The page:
Bleeding brakes

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  • #41368
    Jon Romenesko
    Participant

    I’ve been wanting to bleed the brake system on our kart for a while now. The fluid is fairly dirty and could definately use a bleeding/flushing. How do I bleed a system like this? It’s obviously way different from a car’s system, and i’ve been wondering how to do it.

    My brake system is the SKM Evo 2-1. Anyone got any tips?

    #53097
    Anonymous
    Inactive

    Jon,

    I’ve bleed and flushed a lot of car brakes. When the fluid gets dirty, I change it out. What I do know about this, you need the proper tools! I looked at two bleeders on line and cannot figure out how they work. They are a long tube with a reservoir on the end. I?m sure there is a connector tube you place on the bleed nut on the caliper and either draw fluid from the master cylinder or push it to the master cylinder. I looked at the photo of you brakes and could not see a normal (car type) bleed nut. Unless you want to pay about $75 for the kart brake bleeder, I suggest contacting a local kart shop.

    Michael

    #53098
    hotwheels1517
    Participant

    The best way I have found is to invest in a brake bleeder. It has its own container to hold the brake fluid. You screw it in to where you put in additional fluid, and fill it with brake fluid. Then you open one bleeder screw at a time and squeeze the bottle forcing out the fluid till it becomes clear. Repeat until all bleeder screws have been opened and fluid comes out clear. Just for your info I own KRT karts and thats how I bleed the brakes. I also suggest doing it at least every other kart outing. It’s amazing how much garbage is in the fluid.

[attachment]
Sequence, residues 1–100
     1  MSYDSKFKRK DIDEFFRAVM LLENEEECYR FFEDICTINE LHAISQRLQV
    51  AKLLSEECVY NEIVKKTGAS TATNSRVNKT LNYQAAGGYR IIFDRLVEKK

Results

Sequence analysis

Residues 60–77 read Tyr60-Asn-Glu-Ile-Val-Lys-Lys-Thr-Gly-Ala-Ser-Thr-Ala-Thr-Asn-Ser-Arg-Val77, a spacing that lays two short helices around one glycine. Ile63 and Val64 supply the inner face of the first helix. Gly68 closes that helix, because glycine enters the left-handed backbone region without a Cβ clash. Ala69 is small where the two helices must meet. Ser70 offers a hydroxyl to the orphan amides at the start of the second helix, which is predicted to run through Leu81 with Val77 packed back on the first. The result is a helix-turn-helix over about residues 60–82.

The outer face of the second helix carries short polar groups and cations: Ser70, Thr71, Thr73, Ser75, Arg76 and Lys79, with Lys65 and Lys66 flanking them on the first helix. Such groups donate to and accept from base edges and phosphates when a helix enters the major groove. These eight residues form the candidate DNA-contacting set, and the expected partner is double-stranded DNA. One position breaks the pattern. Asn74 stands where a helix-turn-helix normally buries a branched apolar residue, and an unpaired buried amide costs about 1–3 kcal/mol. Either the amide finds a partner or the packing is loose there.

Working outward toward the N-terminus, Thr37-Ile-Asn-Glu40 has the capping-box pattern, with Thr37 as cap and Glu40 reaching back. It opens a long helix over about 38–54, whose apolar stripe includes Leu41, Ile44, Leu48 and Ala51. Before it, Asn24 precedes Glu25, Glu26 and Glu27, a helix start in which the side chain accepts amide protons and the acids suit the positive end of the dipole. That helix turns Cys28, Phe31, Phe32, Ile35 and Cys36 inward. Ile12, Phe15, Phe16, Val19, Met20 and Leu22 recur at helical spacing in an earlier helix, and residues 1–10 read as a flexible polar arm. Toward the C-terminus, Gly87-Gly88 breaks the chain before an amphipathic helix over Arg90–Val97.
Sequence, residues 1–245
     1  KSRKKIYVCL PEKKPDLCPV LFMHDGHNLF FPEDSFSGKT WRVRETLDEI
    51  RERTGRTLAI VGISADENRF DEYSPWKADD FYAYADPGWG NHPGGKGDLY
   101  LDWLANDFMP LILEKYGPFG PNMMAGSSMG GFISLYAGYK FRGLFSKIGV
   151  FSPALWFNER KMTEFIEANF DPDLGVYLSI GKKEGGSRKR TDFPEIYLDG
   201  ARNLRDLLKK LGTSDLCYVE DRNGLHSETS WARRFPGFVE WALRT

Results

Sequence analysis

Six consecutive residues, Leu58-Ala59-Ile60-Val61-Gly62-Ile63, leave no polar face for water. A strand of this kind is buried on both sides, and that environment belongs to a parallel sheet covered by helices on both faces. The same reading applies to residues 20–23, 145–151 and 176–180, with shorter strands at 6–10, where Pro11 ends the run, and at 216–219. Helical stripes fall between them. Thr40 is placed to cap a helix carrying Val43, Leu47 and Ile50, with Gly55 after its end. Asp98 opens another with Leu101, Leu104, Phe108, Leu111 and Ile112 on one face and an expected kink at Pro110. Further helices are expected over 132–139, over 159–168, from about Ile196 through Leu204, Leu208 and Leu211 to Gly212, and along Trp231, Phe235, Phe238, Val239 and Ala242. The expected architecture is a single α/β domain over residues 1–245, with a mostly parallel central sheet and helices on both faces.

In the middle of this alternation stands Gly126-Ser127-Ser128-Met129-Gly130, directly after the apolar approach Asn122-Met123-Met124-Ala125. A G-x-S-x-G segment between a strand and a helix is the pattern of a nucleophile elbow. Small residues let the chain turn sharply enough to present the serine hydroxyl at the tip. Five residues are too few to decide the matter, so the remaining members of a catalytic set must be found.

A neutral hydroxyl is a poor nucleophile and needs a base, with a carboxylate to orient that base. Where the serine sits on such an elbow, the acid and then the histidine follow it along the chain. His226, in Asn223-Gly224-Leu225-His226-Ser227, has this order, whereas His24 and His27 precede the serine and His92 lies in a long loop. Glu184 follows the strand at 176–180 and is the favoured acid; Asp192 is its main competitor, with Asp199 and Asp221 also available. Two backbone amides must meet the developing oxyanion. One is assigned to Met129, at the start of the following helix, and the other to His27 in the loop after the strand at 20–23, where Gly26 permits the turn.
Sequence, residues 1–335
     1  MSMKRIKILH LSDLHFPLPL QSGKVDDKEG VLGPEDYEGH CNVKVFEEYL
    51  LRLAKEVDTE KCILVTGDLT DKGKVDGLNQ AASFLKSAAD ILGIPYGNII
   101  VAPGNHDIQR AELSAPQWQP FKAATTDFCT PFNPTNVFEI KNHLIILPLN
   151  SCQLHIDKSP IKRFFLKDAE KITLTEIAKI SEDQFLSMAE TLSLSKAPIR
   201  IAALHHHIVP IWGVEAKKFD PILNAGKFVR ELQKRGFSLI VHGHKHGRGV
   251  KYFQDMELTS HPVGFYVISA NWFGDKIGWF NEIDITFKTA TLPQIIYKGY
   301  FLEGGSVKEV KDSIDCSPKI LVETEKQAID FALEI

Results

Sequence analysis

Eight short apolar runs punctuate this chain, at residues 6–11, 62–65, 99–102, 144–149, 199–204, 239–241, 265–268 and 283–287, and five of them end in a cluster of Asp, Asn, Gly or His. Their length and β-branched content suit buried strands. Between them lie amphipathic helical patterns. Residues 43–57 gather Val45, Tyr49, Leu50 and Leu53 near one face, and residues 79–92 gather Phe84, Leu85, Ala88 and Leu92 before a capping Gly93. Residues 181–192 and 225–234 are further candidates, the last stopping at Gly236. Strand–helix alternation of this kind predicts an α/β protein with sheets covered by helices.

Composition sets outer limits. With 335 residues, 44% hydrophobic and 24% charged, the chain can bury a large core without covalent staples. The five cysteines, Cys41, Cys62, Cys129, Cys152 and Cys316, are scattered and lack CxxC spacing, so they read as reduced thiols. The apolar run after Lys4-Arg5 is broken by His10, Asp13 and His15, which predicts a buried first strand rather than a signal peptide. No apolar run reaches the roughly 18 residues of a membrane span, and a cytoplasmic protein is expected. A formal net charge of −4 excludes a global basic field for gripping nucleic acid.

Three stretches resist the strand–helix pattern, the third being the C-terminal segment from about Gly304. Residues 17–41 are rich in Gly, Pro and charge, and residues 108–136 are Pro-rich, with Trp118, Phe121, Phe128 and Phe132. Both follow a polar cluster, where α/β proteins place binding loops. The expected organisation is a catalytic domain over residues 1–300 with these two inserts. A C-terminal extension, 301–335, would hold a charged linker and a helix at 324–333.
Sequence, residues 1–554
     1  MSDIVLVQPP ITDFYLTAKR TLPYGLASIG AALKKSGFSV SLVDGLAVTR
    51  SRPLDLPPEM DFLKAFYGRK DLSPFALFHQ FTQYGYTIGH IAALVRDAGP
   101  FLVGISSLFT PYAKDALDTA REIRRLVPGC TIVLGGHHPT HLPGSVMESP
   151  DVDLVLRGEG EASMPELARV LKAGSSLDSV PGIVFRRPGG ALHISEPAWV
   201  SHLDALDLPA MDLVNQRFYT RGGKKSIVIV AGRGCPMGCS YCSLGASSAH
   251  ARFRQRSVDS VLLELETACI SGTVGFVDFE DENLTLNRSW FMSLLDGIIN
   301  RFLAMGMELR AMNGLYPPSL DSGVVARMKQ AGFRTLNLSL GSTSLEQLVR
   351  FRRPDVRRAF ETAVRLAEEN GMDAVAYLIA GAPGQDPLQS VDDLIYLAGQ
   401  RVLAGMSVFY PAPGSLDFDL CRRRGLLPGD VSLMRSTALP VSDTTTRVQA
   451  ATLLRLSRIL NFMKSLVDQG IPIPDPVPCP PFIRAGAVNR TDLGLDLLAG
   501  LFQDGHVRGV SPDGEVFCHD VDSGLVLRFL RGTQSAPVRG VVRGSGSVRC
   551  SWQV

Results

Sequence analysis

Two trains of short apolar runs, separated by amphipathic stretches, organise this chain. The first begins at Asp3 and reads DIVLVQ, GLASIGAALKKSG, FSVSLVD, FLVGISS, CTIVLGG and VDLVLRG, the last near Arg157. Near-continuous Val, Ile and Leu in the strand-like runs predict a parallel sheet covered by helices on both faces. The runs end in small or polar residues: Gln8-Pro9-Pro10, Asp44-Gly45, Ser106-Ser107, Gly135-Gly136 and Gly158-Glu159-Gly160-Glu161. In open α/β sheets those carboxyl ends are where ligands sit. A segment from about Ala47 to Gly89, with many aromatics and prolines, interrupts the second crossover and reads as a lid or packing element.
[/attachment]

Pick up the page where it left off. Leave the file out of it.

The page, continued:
Brian Moore,
    Father of Brandon #67 comer 80 and novice shifter

    #53099
    Joe Rosse
    Participant

    Or if you want to save some $$$, you can make your own bleeder with some PVC pipe and brass fittings. At least on the Birels we’ve owned, there is a 1/8″ pipe thread fitting on top of the master cylinder, so standard 1/8″ brass pipe works well. Figure a 6-10″ piece, then a brass valve, then another 4-6″ of brass pipe. That attaches to a 8-10″ piece of 1″ or so PVC pipe. Screw the whole thing into the fitting on the master cylinder, fill the PVC with brake fluid, and open the valve. Then open the bleeder screws on the caliper (typically one on each side) and let gravity do the work (that’s why you want the bleeder unit to be fairly tall). Or you can press the brake pedal, open the bleeder, flush, and then close the bleeder without releasing the brake pedal. Faster, but slightly trickier.

    Our birels had a simple Allen screw for the bleeders, whereas our Arrow has automotive style bleeders. (Actually the bleeder isn’t needed with the Arrow, since it has a reasonably large–by kart standards–fluid reservoir). I’d guess $10-15 at Home Depot

    #53100
    Jon Romenesko
    Participant

    Cool, thanks Joe. I think i may try building my own before shelling out $50-75 on a purpose built one. It doesnt sound too hard. I took a look at the calipers today, and it looks like there is an allen head screw in each caliper, loosten those and out comes the fluid.

    #53101
    Rodney Ebersole
    Participant

    I am also a DIY’er. I liked using a large liquid plunger with a clear hose and master cylinder barbed fitting. Screw it in and force feed the old stuff out.

    #53102
    Joe Rosse
    Participant

    Freeze–

    I like the simplicity of your solution!

    #53103
    Anonymous
    Inactive

    Where did you get a large liquid plunger?

    #53104
    Rodney Ebersole
    Participant

    I can’t remember, probably while grocery shopping with the wife. I am always looking for racing stuff, when I saw a turky baster or the feed store and bought a large animal serringe(sp).

    #53105
    Bruce Boman
    Participant

    Eze Brake Bleeder

    VACUME OPERATED SYRINGE BLEEDS MASTER CYLINDER IN SECONDS WITHOUT SPECIAL TOOLS OR CLIPS.REQUIRES ONLY ONE PERSON TO COMPLETE OPERATION!! INSTRUCTIONS INCLUDED.

    Part #: 356515

    At http://www.pitposse.com

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